Edible and two weeks biodegradable plates made from pressed wheat bran, this is the future of picnics in which plastic will no longer be welcome. Let's see how these plates are made and why they can save our planet from the pollution we produce.

Edible and biodegradable plates, this is the future of the picnics that will abandon the plastic to use ecologic food containers that will allow us to save our future so as not to "surf" in a world of garbage. These plates are made in Poland from where millions of pieces are already exported. Let's see how these plates are made and what we need to know.

Edible and biodegradable

In recent years, some restaurants have begun to serve salads in edible dishes of baked bread; the idea was to also eat the plate, reducing waste and optimizing service and avoiding pollution. Just imagine if all the food could be served on edible and biodegradable plates. This is already happening in Poland where Jerzy Wysocki has started the production of plates made of wheat bran that – unlike plastic plates – can therefore be also eaten, even if they are practically tasteless. Obviously it is not mandatory to eat these plates, but anyway these plates have an advantage: being made of wheat they are biodegradable in a very short time, therefore it means that even if we throw them away, their destiny is not to pollute the environment by remaining intact for dozens of years. Just a little rain and humidity and they will be decomposed in a couple of weeks or a month.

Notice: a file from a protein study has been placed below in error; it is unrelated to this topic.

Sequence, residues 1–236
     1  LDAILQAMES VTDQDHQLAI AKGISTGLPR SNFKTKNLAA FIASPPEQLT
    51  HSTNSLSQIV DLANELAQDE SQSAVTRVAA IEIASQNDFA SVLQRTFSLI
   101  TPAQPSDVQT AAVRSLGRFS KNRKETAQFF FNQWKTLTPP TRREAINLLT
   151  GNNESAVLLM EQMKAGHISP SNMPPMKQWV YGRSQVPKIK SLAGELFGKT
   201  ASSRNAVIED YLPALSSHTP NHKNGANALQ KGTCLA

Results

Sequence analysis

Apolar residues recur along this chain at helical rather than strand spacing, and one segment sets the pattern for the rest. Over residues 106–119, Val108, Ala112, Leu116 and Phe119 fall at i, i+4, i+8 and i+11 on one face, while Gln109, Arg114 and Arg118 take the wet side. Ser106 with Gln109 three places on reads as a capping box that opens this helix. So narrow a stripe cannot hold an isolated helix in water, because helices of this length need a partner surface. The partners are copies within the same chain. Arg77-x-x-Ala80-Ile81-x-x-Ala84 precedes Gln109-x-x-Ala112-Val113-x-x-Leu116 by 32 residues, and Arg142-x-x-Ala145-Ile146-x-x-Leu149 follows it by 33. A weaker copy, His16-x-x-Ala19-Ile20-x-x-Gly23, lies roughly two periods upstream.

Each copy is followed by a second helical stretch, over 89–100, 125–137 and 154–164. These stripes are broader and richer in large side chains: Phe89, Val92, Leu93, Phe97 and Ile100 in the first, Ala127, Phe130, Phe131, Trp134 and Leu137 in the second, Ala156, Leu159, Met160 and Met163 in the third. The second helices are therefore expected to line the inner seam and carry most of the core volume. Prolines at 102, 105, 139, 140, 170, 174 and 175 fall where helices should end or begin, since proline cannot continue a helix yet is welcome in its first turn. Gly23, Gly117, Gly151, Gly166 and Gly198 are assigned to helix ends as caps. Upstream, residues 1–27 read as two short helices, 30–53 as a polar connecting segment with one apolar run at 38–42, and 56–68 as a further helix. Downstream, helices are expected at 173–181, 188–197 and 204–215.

How they do it

As explained by Biotrem, "to make these plates, we only use wheat bran, which we compress at a precise point of pressure and temperature, using a machine made specifically for this purpose".

Costs

The current cost is 15 euro cents per plate, which is certainly higher than those ones made of plastic but we must consider that we are still talking about a small production, which on a large scale would instead lead to a decrease in price. It must also be said that we do not consider all the costs that the plastic implies and that are not included in the single plate, but that derive from it: for example environmental costs and recycling costs.

Not just wheat

The production of these edible and biodegradable plates does not stop there, the goal is also to produce plates in corn, barley, oats, cassava and algae.